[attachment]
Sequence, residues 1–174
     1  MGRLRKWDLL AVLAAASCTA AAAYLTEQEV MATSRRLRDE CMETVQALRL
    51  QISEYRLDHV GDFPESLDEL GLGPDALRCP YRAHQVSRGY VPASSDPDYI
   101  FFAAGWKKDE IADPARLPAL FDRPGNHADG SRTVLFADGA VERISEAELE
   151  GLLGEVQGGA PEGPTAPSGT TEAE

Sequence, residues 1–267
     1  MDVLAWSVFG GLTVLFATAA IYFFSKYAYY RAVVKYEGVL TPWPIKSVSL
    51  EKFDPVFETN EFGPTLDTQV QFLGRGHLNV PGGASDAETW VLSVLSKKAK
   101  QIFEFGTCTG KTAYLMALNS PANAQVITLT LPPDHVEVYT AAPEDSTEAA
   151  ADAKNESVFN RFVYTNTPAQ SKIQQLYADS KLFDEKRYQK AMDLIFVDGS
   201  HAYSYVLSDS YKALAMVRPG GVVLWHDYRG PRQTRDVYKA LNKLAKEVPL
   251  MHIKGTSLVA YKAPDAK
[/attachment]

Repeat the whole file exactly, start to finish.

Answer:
Sequence, residues 1–174
     1  MGRLRKWDLL AVLAAASCTA AAAYLTEQEV MATSRRLRDE CMETVQALRL
    51  QISEYRLDHV GDFPESLDEL GLGPDALRCP YRAHQVSRGY VPASSDPDYI
   101  FFAAGWKKDE IADPARLPAL FDRPGNHADG SRTVLFADGA VERISEAELE
   151  GLLGEVQGGA PEGPTAPSGT TEAE

Sequence, residues 1–267
     1  MDVLAWSVFG GLTVLFATAA IYFFSKYAYY RAVVKYEGVL TPWPIKSVSL
    51  EKFDPVFETN EFGPTLDTQV QFLGRGHLNV PGGASDAETW VLSVLSKKAK
   101  QIFEFGTCTG KTAYLMALNS PANAQVITLT LPPDHVEVYT AAPEDSTEAA
   151  ADAKNESVFN RFVYTNTPAQ SKIQQLYADS KLFDEKRYQK AMDLIFVDGS
   201  HAYSYVLSDS YKALAMVRPG GVVLWHDYRG PRQTRDVYKA LNKLAKEVPL
   251  MHIKGTSLVA YKAPDAK